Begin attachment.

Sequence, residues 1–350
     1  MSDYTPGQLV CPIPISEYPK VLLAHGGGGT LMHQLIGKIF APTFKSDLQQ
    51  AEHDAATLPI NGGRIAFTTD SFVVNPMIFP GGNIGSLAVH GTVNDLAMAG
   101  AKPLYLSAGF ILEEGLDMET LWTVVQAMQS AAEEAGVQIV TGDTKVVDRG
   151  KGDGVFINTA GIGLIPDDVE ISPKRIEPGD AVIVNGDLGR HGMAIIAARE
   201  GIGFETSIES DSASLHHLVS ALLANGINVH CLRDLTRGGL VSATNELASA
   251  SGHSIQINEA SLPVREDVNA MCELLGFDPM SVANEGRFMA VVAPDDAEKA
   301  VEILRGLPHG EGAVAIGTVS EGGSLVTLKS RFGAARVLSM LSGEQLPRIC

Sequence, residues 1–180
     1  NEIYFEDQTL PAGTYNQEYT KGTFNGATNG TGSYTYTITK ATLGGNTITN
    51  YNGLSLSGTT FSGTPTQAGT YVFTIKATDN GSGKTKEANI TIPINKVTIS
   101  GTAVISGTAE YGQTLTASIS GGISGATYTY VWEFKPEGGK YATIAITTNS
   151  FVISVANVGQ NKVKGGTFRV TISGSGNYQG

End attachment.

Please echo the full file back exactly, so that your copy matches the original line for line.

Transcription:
Sequence, residues 1–350
     1  MSDYTPGQLV CPIPISEYPK VLLAHGGGGT LMHQLIGKIF APTFKSDLQQ
    51  AEHDAATLPI NGGRIAFTTD SFVVNPMIFP GGNIGSLAVH GTVNDLAMAG
   101  AKPLYLSAGF ILEEGLDMET LWTVVQAMQS AAEEAGVQIV TGDTKVVDRG
   151  KGDGVFINTA GIGLIPDDVE ISPKRIEPGD AVIVNGDLGR HGMAIIAARE
   201  GIGFETSIES DSASLHHLVS ALLANGINVH CLRDLTRGGL VSATNELASA
   251  SGHSIQINEA SLPVREDVNA MCELLGFDPM SVANEGRFMA VVAPDDAEKA
   301  VEILRGLPHG EGAVAIGTVS EGGSLVTLKS RFGAARVLSM LSGEQLPRIC

Sequence, residues 1–180
     1  NEIYFEDQTL PAGTYNQEYT KGTFNGATNG TGSYTYTITK ATLGGNTITN
    51  YNGLSLSGTT FSGTPTQAGT YVFTIKATDN GSGKTKEANI TIPINKVTIS
   101  GTAVISGTAE YGQTLTASIS GGISGATYTY VWEFKPEGGK YATIAITTNS
   151  FVISVANVGQ NKVKGGTFRV TISGSGNYQG